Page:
Application of behavioural sciences teaching by UK dental undergraduates

Cynthia M. Pine, Pauline M. McGoldrick

    Research output: Contribution to journalArticle

    15 Citations (Scopus)

    Abstract

    From 1990, Behavioural Sciences have become a requisite subject of dental undergraduate curricula across the UK (2). However, subject matter taught varies from school to school (4). The aim of this study was to determine the views and experiences of senior dental undergraduates in applying their behavioural sciences teaching across a range of clinical situations. A questionnaire survey was designed in which 5 UK Dental Schools were included to provide a countrywide geographic distribution and where >75% of senior students in each Dental School participated. The questions required the students to evaluate their psychosocial skills in 4 main areas: dentist/patient interactions; enhancing preventive behaviour; anxiety management; coping with personal stress. 252 students participated, 43% were male. In general, students valued their behavioural sciences teaching and 84% rated its inclusion in the curriculum as important. Some patient management situations had been infrequently encountered in their clinical experience and their confidence in dealing with these situations was low. The data was entered into a stepwise logistic regression to determine which factors explained the variation in reported confidence. In relation to dentist-patient interactions and preventive aspects (9 aspects), significant variables were how well students felt they were taught and how often they encountered the situations. Gender contributed to explaining variation in 4 of these aspects. In dealing with patient aggression, men were over 7x more confident than women (Odd's ratio 7.32), but in changing patients' attitudes to oral health, women were more than 2x as confident as men (Odd's ratio 2.08). In anxiety management and dealing with personal stress, additional variables entered the model and these were age, gender and Dental School. For most aspects of confidence in anxiety management, the quality of teaching to manage these situations was the key variable. In conclusion, this survey has provided an evaluation of UK students' perceived psychosocial skills in a range of clinical settings. This should encourage educators to improve curricular content to support the development of clinical competency in this area.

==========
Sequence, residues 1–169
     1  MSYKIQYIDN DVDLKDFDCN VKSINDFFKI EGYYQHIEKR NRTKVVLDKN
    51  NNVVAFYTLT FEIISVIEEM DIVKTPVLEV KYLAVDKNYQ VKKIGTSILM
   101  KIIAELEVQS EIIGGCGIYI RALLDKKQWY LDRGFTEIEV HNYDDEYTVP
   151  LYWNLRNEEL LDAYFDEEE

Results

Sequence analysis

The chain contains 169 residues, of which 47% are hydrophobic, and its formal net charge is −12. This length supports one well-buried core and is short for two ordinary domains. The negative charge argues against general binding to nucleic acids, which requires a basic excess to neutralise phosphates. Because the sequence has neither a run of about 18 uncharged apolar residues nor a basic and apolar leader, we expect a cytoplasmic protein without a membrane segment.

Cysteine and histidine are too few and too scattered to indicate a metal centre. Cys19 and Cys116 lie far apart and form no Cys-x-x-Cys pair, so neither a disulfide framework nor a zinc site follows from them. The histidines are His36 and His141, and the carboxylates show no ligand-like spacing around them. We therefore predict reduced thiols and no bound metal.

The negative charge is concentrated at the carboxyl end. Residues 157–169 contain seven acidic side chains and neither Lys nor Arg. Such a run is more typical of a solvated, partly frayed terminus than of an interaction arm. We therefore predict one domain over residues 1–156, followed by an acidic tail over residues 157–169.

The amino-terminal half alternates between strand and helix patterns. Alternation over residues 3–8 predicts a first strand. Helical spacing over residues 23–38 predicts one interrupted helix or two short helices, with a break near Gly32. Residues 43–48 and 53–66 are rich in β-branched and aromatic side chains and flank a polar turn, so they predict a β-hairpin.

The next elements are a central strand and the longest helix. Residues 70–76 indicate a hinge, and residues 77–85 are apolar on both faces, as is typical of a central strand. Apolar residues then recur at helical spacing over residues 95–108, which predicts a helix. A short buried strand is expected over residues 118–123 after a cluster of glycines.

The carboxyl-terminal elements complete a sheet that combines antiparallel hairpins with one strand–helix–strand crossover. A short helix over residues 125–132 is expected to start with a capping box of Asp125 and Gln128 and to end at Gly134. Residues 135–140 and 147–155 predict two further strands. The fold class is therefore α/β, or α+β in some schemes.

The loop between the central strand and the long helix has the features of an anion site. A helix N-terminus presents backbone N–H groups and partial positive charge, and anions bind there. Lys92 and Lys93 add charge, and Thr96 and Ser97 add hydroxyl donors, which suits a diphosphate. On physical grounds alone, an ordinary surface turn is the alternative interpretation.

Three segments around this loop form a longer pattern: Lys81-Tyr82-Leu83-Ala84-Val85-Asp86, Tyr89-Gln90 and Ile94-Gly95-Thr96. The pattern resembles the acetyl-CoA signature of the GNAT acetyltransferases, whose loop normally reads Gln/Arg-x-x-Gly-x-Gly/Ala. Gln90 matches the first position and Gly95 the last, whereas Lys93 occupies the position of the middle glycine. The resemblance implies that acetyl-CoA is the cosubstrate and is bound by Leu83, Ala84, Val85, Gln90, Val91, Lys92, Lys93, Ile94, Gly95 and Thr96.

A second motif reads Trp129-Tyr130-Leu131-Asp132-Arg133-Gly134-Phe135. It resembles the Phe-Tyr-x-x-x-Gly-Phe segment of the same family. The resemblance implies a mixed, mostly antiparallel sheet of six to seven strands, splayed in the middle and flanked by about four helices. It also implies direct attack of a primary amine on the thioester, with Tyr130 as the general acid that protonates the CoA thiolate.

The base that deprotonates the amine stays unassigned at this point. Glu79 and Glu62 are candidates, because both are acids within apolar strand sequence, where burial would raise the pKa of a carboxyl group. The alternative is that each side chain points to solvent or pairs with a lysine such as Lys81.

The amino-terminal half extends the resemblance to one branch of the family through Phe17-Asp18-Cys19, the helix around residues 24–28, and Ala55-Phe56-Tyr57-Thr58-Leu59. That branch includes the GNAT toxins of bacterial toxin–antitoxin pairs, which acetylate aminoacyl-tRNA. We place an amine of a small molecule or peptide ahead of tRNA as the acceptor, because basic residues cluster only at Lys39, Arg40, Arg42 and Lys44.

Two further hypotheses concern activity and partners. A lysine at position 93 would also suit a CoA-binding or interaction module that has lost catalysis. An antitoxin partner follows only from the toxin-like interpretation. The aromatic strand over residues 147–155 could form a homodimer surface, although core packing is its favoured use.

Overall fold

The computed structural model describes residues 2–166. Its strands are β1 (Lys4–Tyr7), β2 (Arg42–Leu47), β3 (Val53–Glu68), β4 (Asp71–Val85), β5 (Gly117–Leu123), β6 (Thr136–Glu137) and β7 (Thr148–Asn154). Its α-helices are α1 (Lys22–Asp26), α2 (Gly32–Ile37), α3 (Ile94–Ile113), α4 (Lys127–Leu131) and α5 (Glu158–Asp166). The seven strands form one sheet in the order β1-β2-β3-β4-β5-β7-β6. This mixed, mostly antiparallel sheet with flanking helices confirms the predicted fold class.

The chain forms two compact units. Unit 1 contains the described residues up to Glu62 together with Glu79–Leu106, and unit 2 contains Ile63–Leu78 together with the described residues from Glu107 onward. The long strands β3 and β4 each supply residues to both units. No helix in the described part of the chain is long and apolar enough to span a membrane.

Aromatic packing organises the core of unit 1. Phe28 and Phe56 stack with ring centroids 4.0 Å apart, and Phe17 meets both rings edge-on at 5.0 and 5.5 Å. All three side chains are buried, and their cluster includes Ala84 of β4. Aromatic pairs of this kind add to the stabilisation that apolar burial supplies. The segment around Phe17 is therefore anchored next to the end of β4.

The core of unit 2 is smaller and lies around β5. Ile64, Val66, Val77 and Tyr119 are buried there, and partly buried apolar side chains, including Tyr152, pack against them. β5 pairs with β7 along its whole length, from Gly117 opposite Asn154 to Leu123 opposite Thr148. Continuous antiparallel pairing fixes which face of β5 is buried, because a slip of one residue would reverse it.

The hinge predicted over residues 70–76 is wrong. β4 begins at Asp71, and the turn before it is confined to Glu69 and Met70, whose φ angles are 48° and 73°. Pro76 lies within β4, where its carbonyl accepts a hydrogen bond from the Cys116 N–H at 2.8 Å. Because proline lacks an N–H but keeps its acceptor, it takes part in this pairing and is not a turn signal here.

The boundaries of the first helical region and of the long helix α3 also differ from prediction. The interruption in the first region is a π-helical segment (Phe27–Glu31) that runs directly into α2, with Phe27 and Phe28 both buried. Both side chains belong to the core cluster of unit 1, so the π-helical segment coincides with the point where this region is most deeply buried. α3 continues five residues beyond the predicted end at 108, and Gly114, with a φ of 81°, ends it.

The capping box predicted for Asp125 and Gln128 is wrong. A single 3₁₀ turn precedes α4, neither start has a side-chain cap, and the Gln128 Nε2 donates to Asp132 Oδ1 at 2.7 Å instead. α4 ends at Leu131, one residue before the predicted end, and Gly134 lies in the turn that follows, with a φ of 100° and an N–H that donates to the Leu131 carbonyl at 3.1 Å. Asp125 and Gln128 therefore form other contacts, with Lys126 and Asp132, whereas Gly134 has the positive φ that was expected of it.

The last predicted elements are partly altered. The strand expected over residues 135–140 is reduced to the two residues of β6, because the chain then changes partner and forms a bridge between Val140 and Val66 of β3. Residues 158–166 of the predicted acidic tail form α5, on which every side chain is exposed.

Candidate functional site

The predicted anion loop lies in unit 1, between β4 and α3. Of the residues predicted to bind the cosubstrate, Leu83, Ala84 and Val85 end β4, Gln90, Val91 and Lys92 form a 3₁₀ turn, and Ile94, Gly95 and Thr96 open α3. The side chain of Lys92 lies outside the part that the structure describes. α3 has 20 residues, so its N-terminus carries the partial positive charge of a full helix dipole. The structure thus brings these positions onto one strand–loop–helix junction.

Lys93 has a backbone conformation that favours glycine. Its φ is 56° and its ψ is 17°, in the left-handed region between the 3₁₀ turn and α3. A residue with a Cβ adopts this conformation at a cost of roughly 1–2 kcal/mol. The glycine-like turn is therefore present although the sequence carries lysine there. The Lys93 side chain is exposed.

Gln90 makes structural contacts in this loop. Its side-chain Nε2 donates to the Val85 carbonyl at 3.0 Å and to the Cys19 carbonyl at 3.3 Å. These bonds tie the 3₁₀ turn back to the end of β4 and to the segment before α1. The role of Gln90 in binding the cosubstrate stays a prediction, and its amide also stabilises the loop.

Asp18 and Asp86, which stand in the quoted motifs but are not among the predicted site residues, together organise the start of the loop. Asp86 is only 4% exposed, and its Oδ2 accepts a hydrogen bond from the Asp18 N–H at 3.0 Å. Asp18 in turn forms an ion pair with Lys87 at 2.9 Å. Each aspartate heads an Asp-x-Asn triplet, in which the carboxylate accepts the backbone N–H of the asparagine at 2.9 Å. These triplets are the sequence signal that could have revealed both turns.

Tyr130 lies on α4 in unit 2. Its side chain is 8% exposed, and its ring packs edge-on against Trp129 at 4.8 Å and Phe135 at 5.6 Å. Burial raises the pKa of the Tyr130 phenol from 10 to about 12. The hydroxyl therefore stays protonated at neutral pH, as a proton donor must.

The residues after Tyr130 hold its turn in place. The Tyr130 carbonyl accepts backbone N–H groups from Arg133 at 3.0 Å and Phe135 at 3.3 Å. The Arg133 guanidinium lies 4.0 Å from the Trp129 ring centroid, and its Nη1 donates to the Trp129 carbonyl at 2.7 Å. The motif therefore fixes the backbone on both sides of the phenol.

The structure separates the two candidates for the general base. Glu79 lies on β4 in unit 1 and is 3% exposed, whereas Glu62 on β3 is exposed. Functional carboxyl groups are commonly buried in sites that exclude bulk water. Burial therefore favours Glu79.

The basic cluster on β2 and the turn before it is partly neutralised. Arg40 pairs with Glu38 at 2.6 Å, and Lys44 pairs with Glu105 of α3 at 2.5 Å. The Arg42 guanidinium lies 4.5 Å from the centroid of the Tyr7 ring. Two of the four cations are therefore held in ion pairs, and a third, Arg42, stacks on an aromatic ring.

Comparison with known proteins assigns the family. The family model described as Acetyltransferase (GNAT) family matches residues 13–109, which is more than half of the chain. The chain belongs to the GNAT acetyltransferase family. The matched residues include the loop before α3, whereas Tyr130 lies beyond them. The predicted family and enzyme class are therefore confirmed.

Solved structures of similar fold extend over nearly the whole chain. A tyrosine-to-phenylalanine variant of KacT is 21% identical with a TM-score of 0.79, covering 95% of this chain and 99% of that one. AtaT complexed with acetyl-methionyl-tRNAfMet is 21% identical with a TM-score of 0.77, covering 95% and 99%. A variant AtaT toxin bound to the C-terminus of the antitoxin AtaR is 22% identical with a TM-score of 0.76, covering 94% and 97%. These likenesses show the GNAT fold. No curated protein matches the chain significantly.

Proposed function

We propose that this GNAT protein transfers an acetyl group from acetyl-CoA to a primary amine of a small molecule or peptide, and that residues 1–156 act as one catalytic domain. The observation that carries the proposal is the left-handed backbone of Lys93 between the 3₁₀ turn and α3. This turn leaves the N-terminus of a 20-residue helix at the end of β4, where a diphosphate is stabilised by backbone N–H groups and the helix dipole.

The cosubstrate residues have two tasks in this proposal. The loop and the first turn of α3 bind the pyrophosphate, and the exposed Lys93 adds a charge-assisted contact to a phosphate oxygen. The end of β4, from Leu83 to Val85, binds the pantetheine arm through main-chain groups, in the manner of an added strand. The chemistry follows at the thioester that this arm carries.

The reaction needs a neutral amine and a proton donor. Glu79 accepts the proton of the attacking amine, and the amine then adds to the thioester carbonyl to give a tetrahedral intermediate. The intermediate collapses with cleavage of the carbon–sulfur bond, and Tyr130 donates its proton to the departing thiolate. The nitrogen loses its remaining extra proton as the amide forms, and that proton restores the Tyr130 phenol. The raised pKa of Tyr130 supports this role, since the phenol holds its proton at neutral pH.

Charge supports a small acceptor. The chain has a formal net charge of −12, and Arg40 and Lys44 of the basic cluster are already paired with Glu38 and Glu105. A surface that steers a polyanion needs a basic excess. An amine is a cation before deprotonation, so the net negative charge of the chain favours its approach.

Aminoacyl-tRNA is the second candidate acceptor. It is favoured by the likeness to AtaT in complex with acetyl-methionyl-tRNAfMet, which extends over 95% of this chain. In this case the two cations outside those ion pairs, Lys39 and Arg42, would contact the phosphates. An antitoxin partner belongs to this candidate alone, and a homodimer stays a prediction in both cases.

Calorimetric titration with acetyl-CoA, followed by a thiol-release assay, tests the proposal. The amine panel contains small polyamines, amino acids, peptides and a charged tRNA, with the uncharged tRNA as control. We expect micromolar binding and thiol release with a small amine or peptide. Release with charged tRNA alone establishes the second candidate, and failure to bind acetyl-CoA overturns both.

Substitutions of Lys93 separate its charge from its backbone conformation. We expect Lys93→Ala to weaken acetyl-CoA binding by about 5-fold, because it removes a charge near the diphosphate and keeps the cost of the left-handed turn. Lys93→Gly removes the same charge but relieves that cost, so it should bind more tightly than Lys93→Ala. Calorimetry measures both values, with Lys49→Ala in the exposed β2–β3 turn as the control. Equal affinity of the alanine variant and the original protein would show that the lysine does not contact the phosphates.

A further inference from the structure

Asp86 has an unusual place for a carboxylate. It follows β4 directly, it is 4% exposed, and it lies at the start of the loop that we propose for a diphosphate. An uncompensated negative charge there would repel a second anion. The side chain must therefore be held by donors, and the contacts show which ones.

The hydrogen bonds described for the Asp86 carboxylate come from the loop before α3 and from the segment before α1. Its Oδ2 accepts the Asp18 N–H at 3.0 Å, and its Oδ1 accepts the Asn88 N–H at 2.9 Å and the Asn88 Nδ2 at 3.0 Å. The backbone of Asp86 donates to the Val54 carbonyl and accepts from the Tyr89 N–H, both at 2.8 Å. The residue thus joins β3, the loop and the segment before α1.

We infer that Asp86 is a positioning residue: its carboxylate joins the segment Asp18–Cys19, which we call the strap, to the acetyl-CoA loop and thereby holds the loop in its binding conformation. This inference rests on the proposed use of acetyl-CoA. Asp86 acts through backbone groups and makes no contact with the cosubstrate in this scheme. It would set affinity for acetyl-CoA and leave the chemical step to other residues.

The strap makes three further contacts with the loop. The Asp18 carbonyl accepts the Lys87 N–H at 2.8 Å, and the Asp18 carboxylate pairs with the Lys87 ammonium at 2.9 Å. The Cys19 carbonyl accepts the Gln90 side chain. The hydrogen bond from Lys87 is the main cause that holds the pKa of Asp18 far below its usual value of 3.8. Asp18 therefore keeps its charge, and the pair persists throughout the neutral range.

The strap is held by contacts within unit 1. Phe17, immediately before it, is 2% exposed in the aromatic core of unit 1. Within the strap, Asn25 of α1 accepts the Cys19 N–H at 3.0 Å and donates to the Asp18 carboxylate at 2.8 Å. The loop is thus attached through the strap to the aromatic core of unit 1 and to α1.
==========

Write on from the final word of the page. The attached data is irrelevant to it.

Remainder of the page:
Original languageEnglish
    Pages (from-to)49-56
    Number of pages8
    JournalEuropean Journal of Dental Education
    Volume4
    Issue number2
    DOIs
    Publication statusPublished - May 2000

    Fingerprint

    Behavioral Sciences
    behavioral science
    Tooth
    Teaching
    Students
    Dental Schools
    Anxiety
    dentist
    school
    student
    confidence
    anxiety
    management
    Curriculum
    Dentist-Patient Relations
    Odds Ratio
    Attitude to Health
    curriculum
    Clinical Competence
    gender

    Cite this

    Pine, Cynthia M. ; McGoldrick, Pauline M. / Application of behavioural sciences teaching by UK dental undergraduates. In: European Journal of Dental Education. 2000 ; Vol. 4, No. 2. pp. 49-56.
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    abstract = "From 1990, Behavioural Sciences have become a requisite subject of dental undergraduate curricula across the UK (2). However, subject matter taught varies from school to school (4). The aim of this study was to determine the views and experiences of senior dental undergraduates in applying their behavioural sciences teaching across a range of clinical situations. A questionnaire survey was designed in which 5 UK Dental Schools were included to provide a countrywide geographic distribution and where >75{\%} of senior students in each Dental School participated. The questions required the students to evaluate their psychosocial skills in 4 main areas: dentist/patient interactions; enhancing preventive behaviour; anxiety management; coping with personal stress. 252 students participated, 43{\%} were male. In general, students valued their behavioural sciences teaching and 84{\%} rated its inclusion in the curriculum as important. Some patient management situations had been infrequently encountered in their clinical experience and their confidence in dealing with these situations was low. The data was entered into a stepwise logistic regression to determine which factors explained the variation in reported confidence. In relation to dentist-patient interactions and preventive aspects (9 aspects), significant variables were how well students felt they were taught and how often they encountered the situations. Gender contributed to explaining variation in 4 of these aspects. In dealing with patient aggression, men were over 7x more confident than women (Odd's ratio 7.32), but in changing patients' attitudes to oral health, women were more than 2x as confident as men (Odd's ratio 2.08). In anxiety management and dealing with personal stress, additional variables entered the model and these were age, gender and Dental School. For most aspects of confidence in anxiety management, the quality of teaching to manage these situations was the key variable. In conclusion, this survey has provided an evaluation of UK students' perceived psychosocial skills in a range of clinical settings. This should encourage educators to improve curricular content to support the development of clinical competency in this area.",
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    Application of behavioural sciences teaching by UK dental undergraduates. / Pine, Cynthia M.; McGoldrick, Pauline M.

    In: European Journal of Dental Education, Vol. 4, No. 2, 05.2000, p. 49-56.

    Research output: Contribution to journalArticle

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